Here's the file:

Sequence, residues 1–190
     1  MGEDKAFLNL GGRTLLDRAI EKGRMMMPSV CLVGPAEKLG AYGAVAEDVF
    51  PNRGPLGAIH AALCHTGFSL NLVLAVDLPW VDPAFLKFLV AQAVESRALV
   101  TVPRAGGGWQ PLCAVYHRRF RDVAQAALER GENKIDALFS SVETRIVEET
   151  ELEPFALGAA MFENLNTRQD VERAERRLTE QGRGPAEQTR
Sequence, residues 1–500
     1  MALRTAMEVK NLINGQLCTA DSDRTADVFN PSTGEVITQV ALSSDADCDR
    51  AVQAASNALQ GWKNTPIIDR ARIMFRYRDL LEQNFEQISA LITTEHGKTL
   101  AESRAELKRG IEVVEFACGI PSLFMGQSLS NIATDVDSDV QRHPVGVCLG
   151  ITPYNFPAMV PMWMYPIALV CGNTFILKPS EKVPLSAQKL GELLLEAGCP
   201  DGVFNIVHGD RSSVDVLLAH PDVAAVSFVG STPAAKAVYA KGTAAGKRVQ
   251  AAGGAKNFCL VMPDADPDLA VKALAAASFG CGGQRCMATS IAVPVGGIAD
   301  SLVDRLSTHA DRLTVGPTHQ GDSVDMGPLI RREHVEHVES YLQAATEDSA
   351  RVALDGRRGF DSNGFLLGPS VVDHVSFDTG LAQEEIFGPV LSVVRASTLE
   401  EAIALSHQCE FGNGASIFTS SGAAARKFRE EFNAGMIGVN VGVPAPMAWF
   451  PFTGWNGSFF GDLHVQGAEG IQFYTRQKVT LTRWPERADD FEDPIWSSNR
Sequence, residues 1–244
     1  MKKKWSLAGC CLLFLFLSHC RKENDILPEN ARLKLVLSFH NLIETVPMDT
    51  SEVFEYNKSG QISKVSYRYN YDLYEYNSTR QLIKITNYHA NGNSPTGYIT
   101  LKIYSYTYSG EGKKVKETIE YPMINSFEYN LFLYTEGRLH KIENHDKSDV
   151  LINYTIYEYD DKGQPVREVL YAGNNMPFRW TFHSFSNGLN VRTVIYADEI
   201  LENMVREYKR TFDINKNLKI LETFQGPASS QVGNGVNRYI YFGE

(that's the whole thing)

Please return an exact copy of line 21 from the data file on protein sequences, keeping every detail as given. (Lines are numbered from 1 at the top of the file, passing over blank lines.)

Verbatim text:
   151  LINYTIYEYD DKGQPVREVL YAGNNMPFRW TFHSFSNGLN VRTVIYADEI